In every generation there are popular artists like Andrea Bocelli, Mario Lanza, Andre Rieu, etc, who delight audiences but are the despair of critics. In his lifetime Eugene Ormandy was scorned among serious music lovers but adored by the record-buying public. This 60s recording of the Mahler First, complete with the 'Blumine' movement later discarded by the composer, shows both sides of Ormandy's conducting.
The plus side is that the orchestra plays gorgeously. There's a sheen to the sound lacking in Bernstein's contemporary Mahler recordings with the NY Phil. Ormandy was originally a violin virtuoso, and he knew how to get the best from a string section. But where Bernstein would go to any length to uncover the heart of a work, Ormandy was content to glide over the surface. We aren't remotely in Mahler's emotional world here--there's no tension, suffering, struggle, or epiphany. One bar follows another with lovely execution while the spirit of the music dies.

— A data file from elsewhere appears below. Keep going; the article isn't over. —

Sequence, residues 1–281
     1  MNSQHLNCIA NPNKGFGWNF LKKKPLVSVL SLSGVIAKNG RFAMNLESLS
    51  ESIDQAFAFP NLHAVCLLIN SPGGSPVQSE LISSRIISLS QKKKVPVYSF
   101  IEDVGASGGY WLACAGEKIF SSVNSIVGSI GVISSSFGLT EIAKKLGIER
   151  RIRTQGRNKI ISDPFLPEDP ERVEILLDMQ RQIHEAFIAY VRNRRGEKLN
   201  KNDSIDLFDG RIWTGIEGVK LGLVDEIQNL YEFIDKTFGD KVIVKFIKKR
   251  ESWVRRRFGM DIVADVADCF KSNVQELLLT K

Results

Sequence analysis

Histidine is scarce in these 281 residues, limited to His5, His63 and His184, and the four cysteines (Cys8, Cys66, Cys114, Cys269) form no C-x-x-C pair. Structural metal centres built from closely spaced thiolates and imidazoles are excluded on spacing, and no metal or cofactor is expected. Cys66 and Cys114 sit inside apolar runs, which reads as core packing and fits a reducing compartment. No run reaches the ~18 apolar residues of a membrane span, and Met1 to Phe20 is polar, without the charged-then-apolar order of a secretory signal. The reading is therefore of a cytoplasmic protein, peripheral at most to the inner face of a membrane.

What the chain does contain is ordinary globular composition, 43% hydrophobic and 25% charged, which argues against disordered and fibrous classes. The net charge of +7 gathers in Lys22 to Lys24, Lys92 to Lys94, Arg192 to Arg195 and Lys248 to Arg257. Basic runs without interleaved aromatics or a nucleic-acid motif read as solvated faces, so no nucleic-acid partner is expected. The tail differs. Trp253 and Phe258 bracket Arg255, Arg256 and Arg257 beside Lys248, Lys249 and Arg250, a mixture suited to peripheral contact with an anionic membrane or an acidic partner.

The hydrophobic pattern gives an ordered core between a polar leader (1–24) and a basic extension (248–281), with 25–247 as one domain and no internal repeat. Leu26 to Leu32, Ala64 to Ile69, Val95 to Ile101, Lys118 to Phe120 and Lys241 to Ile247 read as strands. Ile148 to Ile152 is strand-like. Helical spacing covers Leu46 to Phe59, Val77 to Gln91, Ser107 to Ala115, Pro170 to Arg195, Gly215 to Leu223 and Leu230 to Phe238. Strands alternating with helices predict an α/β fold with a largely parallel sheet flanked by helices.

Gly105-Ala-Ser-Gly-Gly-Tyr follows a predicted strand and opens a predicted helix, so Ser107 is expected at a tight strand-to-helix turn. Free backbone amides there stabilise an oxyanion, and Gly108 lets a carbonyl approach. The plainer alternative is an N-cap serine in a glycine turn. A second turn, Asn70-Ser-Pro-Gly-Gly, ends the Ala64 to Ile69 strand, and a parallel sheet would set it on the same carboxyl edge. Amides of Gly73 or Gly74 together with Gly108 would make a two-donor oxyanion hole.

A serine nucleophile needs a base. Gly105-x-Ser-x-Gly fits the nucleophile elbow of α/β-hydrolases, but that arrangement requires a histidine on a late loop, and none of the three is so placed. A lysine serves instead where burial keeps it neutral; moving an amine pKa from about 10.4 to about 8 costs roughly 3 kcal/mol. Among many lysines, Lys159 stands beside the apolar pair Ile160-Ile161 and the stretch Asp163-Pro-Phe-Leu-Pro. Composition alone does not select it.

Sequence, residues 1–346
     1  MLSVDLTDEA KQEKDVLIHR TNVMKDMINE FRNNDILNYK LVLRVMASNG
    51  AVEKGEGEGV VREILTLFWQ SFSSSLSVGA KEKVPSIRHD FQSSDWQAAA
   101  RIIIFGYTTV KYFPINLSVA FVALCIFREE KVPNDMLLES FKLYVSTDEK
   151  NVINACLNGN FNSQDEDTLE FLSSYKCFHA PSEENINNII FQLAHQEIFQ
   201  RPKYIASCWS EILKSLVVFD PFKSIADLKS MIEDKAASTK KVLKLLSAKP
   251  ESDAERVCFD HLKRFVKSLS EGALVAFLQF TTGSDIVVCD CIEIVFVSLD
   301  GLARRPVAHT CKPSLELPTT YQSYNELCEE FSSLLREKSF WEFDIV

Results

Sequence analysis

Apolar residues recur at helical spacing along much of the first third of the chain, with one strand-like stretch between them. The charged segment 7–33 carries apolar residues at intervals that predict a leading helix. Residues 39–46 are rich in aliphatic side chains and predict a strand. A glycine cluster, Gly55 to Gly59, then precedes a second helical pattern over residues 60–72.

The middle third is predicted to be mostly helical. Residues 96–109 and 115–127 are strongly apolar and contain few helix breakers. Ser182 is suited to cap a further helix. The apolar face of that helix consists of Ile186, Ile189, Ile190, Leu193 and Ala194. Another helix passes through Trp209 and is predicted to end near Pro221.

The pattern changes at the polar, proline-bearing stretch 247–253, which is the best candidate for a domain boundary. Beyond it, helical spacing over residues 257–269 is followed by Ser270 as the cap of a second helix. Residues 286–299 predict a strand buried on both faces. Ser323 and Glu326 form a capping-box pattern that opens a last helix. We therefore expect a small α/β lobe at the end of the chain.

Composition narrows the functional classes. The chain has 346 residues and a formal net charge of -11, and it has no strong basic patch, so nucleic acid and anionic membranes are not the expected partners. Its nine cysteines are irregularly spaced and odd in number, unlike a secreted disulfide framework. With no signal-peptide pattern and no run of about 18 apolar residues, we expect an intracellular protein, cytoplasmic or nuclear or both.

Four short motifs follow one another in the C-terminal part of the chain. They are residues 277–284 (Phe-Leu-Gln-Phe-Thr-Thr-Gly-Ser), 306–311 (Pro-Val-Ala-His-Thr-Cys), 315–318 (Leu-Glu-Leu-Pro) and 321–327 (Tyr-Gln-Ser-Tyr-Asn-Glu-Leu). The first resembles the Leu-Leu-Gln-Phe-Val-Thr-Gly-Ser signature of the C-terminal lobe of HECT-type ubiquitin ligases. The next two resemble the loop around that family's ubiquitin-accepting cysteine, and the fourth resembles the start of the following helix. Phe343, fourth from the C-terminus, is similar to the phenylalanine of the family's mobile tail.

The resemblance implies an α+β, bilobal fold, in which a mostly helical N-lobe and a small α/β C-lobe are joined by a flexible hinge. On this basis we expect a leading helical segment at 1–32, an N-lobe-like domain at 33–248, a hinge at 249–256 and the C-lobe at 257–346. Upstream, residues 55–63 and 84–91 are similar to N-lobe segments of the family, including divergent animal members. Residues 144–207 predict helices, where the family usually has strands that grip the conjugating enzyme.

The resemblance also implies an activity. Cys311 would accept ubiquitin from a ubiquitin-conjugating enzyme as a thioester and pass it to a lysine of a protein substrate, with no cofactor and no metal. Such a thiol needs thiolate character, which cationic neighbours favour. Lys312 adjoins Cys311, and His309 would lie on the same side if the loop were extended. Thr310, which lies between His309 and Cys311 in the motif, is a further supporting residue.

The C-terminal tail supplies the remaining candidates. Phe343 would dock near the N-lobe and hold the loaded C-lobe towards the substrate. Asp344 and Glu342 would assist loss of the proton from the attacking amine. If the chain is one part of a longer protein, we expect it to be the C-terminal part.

Time can't change that, but today's new audiences may not care as much. I will say that I like Ormandy's quicker than usual way with Blumine, and the trumpet playing of the big tune floats effortlessly. Also, when I first heard the Mahler First at eighteen, I adored the Leinsdorf Dynagroove version on RCA that is even stiffer than this one.
The generous filler is Mahler's 'Songs of a Wayfarer' cycle with Frederica von Stade conducted by the rather neutral Andrew Davis. The text works more naturally for a male singer, but mezzos like Birgitte Fassbaender have given searing performances. Von Stade, who despite her last name is far more comfortable in French than in German, gives a medium-cool performance that misses Mahler's intensity and anguish by a mile. Gorgeous tone, though.